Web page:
Bruce Cumings, a historian and author of "North Korea: Another Country", said in a report Pyongyang was behaving to a pattern.Update: The Cumings' quote us from a piece in The Nation, "Korean War Games".
"Nothing is more characteristic of this regime than its preening, posturing, overweening desire for the world to pay it attention, while simultaneously threatening destruction in all directions and assuring through draconian repression that its people know next to nothing about that same world," he wrote.
Update2: And, of course, there seem to be a fair number of people who feel the situation of the North Koreans is the nearly completely the fault of the U.S.
I do find it odd that Professor Cumings refers to a 1951 simulated atomic bomb attack (1951 was in the middle of the Korean War) as "nuclear bullying" - I tend to think of it as a careful example of restraint - a warning vice bully tactics during an active war.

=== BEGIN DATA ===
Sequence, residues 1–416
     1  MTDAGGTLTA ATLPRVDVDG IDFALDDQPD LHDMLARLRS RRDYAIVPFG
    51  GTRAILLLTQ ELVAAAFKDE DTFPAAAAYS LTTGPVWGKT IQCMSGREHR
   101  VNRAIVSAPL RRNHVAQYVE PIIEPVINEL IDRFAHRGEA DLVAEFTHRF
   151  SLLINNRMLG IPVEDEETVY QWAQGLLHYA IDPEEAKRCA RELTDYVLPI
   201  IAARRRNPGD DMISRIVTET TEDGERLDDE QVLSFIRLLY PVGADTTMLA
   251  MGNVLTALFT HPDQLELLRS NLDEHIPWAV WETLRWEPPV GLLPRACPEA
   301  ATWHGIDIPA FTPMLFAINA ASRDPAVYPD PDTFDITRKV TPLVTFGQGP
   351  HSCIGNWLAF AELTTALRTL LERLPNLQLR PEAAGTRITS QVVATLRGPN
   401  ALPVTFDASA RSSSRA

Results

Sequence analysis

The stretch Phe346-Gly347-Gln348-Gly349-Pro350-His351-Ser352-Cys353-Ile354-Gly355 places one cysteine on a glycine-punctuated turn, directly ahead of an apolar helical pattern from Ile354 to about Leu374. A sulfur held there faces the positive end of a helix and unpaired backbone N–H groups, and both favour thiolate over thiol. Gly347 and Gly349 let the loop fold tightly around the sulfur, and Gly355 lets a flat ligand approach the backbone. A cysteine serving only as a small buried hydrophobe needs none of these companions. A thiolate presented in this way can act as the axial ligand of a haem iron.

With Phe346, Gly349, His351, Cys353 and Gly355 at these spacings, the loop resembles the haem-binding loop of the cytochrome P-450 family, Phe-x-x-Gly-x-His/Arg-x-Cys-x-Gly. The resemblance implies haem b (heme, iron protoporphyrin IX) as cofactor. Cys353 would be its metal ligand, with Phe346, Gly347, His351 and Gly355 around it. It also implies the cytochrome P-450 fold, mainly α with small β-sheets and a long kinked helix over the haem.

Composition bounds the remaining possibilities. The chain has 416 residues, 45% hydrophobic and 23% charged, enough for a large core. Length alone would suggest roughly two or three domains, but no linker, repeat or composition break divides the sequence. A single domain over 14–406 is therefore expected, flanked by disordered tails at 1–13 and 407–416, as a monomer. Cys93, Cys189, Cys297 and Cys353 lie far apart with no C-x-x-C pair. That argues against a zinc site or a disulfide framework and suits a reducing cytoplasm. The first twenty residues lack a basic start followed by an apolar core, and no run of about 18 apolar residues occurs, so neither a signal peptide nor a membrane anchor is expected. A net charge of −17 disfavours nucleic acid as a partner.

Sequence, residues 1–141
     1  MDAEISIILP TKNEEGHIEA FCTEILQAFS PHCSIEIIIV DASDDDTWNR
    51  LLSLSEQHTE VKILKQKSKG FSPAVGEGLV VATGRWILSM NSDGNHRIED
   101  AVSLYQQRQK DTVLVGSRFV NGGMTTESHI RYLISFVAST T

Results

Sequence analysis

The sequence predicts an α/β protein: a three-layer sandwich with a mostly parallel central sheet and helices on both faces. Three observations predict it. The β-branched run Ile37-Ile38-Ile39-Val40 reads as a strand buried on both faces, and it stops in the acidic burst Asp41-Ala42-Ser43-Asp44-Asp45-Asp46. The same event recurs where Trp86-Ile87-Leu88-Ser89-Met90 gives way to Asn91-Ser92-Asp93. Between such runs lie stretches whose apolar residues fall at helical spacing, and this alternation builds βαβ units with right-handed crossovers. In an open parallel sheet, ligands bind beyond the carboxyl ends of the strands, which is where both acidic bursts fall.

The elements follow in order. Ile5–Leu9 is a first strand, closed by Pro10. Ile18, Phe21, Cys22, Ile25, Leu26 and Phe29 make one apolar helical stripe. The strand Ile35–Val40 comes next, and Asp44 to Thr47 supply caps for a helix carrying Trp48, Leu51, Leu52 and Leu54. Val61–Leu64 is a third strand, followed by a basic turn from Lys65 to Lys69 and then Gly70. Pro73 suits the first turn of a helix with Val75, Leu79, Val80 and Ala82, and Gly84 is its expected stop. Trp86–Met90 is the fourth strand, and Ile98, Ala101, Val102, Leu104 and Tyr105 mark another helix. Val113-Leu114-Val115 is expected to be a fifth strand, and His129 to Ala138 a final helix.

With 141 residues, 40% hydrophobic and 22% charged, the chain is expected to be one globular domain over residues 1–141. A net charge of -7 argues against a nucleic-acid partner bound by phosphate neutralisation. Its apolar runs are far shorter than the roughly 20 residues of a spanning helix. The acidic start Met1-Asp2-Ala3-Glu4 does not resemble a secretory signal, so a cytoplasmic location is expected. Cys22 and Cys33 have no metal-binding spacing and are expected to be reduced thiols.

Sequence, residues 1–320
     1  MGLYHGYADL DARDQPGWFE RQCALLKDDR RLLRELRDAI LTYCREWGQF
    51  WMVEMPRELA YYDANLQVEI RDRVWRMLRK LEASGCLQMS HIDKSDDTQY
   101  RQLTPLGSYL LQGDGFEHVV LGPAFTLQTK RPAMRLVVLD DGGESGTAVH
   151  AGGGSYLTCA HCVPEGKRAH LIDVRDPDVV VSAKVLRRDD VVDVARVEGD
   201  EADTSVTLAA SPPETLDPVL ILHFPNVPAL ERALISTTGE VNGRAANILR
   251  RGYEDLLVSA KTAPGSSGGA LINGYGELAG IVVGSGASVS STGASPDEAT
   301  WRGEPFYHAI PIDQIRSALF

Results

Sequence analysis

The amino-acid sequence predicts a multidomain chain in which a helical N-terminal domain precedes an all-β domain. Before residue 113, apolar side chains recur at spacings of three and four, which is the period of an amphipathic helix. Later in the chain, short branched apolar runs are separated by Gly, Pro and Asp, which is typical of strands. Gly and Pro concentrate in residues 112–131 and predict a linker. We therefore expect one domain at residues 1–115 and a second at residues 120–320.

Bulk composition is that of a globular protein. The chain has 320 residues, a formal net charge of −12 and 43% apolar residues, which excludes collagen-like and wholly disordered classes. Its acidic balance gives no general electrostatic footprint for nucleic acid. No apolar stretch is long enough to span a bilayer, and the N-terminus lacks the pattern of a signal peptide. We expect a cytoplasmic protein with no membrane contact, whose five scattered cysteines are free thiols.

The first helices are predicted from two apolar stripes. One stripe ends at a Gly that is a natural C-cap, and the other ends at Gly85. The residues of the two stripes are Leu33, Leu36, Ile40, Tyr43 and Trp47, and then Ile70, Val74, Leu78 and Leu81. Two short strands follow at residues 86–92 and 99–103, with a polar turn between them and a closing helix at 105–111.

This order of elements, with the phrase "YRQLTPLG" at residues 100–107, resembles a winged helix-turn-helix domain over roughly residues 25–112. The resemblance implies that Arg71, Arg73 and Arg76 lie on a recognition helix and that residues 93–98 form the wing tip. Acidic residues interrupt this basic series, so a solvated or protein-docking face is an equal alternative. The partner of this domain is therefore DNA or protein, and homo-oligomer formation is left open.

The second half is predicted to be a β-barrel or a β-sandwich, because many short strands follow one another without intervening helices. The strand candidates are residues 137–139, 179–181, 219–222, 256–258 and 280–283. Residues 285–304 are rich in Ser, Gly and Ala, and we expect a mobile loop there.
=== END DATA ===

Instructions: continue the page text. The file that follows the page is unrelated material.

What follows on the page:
If the DPRK cities were destroyed after they invaded South Korea, they should know it could have been worse. Not only could their cities have been destroyed, they could have been radioactive smoking holes in the ground that the NORKs would have had to deal with.
Further, as this Wikipedia article notes, the simulation may have helped prevent the use of atomic weapons because they were not suitable for the mission:
Hudson Harbor tested "actual functioning of all activities which would be involved in an atomic strike, including weapons assembly and testing, leading, ground control of bomb aiming". The bombing run data indicated that atomic bombs would be tactically ineffective against massed infantry, because the "timely identification of large masses of enemy troops was extremely rare.Professor Cumings, however, is certainly entitled to his view - which he also has expressed in "Korea: Forgotten Nuclear Threats".